I didn’t become an Angels fan until I moved to Orange County in 2005. I missed the fond memories of the 2002 World Series run. I missed the early years of Mike Scioscia. I’ve never met the man Mike Scioscia in person, the man that everyone says is great and loves. I’ve only know the manager Mike Scioscia. The one who in my 13 years of being Angels fan has led the team to 5 losing seasons - including the last 3 straight seasons and 4 of the last 6 years. This is the Mike Scioscia I know.
Sometimes a manager becomes a legend because he brings the first ever World Series championship to a team. A man like Mike Scioscia. But I never really experienced that legend. Instead, I was a fan through a 10-19 post season record. Still, Scioscia had the best interests of the team in mind, he always did. I think his tenure was just too long. Managers don’t often last nearly 20 years on a team with 1 World Series win and 1 league pennant. But Scioscia did.
Owner Arte Moreno is pretty loyal to the people on his staff. 19 years for Mike Scioscia, 15 years for chairman Dennis Kuhl, President John Carpino for 15 years, CFO Bill Beverage for 15 years, SVP Molly Jolly for 18 years, VP Tim Mead since before Arte took the reins, and VP Neil Viserto for 10 years. In many ways, that consistency is good for an organization, and low turnover usually is a sign of an enjoyable work environment. But - when it comes to managing on the field, sometimes change is needed. The game changes, and managers often don’t change - or at least not enough.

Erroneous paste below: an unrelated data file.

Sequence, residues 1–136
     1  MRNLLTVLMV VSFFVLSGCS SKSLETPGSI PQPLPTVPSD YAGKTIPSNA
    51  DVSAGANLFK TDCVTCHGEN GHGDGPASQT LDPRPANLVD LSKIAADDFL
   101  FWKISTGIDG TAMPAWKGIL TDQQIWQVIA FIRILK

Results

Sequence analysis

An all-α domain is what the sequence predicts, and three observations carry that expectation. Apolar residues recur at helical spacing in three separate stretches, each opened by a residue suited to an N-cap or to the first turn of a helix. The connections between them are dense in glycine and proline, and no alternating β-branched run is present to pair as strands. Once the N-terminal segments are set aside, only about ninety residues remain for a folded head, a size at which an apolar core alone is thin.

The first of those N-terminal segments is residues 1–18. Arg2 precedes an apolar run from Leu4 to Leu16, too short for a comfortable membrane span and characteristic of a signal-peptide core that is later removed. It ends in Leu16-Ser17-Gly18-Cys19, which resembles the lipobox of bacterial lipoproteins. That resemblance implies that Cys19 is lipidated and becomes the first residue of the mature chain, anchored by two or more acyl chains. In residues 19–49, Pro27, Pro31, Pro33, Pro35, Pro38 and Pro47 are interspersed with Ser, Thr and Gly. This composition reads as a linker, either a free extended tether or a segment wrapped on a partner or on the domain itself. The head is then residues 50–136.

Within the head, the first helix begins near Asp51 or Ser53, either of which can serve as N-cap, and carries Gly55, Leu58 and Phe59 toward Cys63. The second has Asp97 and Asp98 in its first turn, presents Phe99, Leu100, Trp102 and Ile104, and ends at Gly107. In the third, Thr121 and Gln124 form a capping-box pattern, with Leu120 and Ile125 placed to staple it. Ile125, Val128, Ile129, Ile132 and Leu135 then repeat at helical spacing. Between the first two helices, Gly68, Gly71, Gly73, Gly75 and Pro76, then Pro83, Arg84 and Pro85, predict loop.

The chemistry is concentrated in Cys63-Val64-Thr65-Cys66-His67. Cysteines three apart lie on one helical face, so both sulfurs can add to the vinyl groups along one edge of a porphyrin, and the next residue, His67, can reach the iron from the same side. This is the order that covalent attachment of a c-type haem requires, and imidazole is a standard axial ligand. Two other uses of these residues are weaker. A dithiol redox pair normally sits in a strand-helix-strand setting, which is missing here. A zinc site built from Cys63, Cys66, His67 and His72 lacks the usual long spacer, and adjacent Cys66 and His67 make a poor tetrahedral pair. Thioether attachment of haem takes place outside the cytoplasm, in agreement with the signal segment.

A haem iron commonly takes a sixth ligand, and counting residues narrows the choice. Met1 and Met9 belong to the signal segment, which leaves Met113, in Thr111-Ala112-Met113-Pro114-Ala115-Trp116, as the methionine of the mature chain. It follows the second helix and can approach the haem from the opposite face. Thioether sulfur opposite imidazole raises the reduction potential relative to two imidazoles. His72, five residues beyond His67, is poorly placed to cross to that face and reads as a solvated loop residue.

When a manager takes his team to the playoffs he’s often a candidate for manager of the year. Clearly, there is some thought that the manager affects the team and has an impact. So when a manager can’t win in the playoffs or barely get there at all, how does some onus not fall upon the skipper? It absolutely should.
Signing Mike Scioscia to a 10 year extension back in 2009 was just bad business. Since then, Arte Moreno has learned his lesson. Josh Hamilton and Albert Pujols say hello. The Angels had a .551 winning percentage under Scioscia at the time of his extension but a .523 since the deal was signed. If you look at the last 6 years, that percentage drops way down to .509. Just barely above average. No one wants to be that team. The “average” team.
Scioscia took the Angels to one more AL Championship series in that contact extension year but over the past 9 years (8 with Mike Trout), they have only been once and were swept out in 3 straight games.
I’m sure Mike Scioscia is an awesome person. I’ve heard all kinds of amazing stories and the players seem to love him. But his time had long been up as the Angels manager
So Long Mike Scioscia, and Thanks for All the Fish.